The easiest route from Sydney is to take the M31 and turn off onto the A20 Sturt Highway. Take the highway through to Wagga Wagga where you can stay the night, or continue along the A20 an extra 4 hrs until you reach Balranald. This is a good spot to refuel before heading along Ivanhoe Road for 53km. Make a left turn after Box Creek Bridge and follow the sand and dirt road until you reach the park, which is a 2hr drive from Balranald.

    Ranger Tip: After heavy rain, roads can be flooded. Always check the weather forecasts and give the park a call to check conditions. When the road is open, a standard 2WD car will suffice. If the road is closed due to rain or fire, it’s closed to all vehicles.

  • What You’ll Need

    2 females unloading the car at Main Camp Mungo National Park

    Main campground

    Mungo National Park

    Melissa Findley/DPIE (2018)

    It’s super important to bring absolutely everything with you, as there is nowhere to purchase supplies, fuel or car parts for over 110km. For more information, you can check out this handy guide to Outback Safety and these top Outback tips.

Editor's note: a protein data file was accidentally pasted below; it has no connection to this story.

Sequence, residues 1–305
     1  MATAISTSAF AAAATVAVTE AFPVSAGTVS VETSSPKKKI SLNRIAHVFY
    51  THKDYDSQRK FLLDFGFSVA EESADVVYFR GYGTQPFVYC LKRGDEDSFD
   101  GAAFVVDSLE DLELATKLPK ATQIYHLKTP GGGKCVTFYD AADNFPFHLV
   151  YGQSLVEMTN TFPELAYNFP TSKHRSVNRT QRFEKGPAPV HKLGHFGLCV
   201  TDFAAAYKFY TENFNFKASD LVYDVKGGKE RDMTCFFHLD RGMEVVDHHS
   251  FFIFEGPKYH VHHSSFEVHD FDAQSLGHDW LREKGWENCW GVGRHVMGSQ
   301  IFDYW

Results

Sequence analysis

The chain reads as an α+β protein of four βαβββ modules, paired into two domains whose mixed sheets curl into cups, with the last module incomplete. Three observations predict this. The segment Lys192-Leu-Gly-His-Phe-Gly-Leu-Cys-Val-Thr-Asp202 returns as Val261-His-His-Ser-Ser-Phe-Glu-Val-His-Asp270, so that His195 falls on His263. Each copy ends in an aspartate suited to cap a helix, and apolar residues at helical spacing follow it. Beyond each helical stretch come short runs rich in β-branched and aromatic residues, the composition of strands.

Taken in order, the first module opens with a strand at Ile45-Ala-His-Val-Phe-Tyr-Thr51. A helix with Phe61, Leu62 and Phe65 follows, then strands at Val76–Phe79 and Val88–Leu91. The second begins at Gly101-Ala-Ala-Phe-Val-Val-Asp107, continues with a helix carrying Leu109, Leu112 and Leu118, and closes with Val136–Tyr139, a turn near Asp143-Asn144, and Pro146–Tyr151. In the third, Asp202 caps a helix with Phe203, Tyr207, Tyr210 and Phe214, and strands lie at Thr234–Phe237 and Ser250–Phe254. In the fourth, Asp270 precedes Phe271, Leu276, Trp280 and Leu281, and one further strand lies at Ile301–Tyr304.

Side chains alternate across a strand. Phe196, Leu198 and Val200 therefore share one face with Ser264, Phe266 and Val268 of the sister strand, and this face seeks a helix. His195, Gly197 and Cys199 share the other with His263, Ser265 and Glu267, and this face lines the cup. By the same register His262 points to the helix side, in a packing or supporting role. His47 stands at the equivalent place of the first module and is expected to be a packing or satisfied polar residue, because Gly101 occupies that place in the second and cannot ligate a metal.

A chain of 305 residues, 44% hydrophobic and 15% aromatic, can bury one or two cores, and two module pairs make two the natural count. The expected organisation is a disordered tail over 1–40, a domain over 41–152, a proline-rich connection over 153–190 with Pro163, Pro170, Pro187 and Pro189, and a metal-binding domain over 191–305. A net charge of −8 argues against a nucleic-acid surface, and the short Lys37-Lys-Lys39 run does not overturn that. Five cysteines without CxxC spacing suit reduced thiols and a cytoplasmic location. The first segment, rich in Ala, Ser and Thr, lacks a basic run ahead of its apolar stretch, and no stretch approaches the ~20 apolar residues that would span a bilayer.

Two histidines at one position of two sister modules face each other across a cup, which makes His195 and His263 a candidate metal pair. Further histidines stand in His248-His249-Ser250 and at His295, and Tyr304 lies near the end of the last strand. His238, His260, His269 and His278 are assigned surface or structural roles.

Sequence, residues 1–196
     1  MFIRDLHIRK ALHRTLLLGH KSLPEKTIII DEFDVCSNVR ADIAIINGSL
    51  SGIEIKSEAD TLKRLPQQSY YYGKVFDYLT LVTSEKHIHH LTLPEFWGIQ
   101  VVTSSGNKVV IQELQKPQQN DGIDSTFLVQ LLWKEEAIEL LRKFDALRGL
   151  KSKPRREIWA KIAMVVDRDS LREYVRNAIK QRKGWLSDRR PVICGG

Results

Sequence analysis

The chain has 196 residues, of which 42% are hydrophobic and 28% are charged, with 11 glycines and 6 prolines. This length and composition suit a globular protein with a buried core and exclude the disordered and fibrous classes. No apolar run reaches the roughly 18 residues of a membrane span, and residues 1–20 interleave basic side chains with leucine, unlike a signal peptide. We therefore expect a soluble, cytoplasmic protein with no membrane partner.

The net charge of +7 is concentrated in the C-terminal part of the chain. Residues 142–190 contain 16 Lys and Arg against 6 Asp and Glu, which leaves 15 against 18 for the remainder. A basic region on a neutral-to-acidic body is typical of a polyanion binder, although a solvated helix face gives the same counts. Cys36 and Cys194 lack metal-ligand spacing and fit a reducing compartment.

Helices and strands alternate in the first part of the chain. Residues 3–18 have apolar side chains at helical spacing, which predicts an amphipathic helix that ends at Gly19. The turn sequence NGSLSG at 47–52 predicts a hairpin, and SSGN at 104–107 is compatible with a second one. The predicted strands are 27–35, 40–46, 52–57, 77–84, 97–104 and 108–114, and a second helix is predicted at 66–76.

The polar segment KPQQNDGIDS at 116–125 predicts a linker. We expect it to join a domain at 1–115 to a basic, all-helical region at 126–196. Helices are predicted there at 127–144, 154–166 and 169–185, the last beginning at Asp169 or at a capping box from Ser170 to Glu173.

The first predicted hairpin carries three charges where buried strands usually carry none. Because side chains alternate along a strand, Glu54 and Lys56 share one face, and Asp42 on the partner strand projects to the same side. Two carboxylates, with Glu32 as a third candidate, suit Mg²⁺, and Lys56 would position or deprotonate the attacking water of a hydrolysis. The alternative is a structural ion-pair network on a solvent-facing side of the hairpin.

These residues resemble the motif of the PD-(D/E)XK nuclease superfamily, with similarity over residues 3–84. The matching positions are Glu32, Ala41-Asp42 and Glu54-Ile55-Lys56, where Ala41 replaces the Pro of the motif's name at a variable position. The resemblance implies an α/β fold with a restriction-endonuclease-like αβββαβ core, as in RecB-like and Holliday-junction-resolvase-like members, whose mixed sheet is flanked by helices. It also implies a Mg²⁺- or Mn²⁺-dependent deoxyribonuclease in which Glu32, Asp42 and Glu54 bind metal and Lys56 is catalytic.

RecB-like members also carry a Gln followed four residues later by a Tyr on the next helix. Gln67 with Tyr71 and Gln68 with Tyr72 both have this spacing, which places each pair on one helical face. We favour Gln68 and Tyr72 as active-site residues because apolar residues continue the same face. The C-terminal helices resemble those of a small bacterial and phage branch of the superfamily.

Things to note:

    • Make sure that spare tyre of yours is fully pumped and in good working order, you just never know.
    • Bring a topographic map and compass. Download the NPWS app for your offline maps before you go.
    • The nearest fuel station is 110km from the national park in Buronga or Mildura
    • It can be sweltering in the outback, plan your stay for the cooler months May – August if you don’t like the heat.
    • Bring plenty of water. There are a handful of rainwater tanks scattered around the park for you to boil, but don’t rely on these for your source of water.
    • There is no mobile reception out here. If you must make a call, the visitor centre has a public payphone.